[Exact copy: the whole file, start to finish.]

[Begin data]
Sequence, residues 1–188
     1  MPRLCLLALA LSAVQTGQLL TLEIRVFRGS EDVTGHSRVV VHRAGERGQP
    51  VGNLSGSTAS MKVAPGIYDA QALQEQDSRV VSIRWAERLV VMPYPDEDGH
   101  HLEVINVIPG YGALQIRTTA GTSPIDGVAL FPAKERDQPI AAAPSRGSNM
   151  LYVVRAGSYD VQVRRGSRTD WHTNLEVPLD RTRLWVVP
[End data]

Sequence, residues 1–188
     1  MPRLCLLALA LSAVQTGQLL TLEIRVFRGS EDVTGHSRVV VHRAGERGQP
    51  VGNLSGSTAS MKVAPGIYDA QALQEQDSRV VSIRWAERLV VMPYPDEDGH
   101  HLEVINVIPG YGALQIRTTA GTSPIDGVAL FPAKERDQPI AAAPSRGSNM
   151  LYVVRAGSYD VQVRRGSRTD WHTNLEVPLD RTRLWVVP